The Horsemans’ collection is personal, but not private. Through a program of lending the collection has participated in a number of exhibitions throughout the country.

Exhibitions provide the unique opportunity to engage with new and continued art historical research and to appreciate works of art in wider contexts. By loaning works to exhibitions of varying focus and scale, the Horsemans seek to share their art with the public and foster a deepened appreciation for American art history. Host institutions have included the Dixon Galleries and Gardens in Memphis, Tennessee; the Pennsylvania Academy of Fine Art; the Saint Louis Art Museum; and various local and regional fine arts galleries.

The Horseman Collection has a long history of short-term loans to exhibitions and long-term loans to institutions. Examples of current or active loans include six paintings on long-term loan at the Saint Louis Art Museum, displayed in the American Art Galleries. Recent acquisitions such as Gerald Williams’ Nation Time and Wadsworth Jarrell’s Liberation Soldiers, formerly part of the Johnson Collection, are on loan to the “Soul of a Nation: Art in the Age of Black Power” exhibition, both to be displayed at all three locations. Another painting, titled Amos & Andy 1972, by Jeff Donaldson is on loan to the Everson Museum for the retrospective exhibition “Jeff Donaldson: Dig.” At any given time, anywhere from ten to twenty paintings or sculptures from the collection are on to loan to museums and galleries across the United States and abroad.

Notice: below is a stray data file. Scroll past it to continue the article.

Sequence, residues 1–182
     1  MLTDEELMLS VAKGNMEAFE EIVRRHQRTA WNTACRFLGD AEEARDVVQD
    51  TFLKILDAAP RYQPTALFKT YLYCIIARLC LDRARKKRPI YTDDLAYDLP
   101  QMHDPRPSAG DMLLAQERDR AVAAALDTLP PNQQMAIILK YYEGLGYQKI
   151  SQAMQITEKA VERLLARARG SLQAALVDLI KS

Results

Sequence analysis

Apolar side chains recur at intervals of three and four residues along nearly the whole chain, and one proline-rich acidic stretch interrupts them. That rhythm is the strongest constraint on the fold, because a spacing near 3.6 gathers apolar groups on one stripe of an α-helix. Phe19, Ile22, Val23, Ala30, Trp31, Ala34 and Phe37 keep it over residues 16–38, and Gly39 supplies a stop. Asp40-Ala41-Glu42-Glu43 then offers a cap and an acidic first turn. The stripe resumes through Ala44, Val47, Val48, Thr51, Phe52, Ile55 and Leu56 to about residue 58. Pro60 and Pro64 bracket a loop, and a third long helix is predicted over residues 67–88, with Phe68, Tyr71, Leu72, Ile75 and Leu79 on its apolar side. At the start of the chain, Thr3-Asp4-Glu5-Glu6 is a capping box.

Notably, the collection has featured two large scale touring exhibitions, organized by the Dixon Gallery and Gardens: Regional Dialect: American Scene Painting from the John and Susan Horseman Collection and Modern Dialect: American Painting from the John and Susan Horseman Collection. These exhibitions capture the Horsemans keen awareness of the many changing trends in American art and society in the early twentieth century and shed light on the lesser known heroes of our nation’s art historical heritage. In addition, these exhibits have served to showcase the collection’s past dual emphasis in Twentieth Century American Regionalisms, and Social Realism and Surrealism. Artworks continue to be available for loan upon request.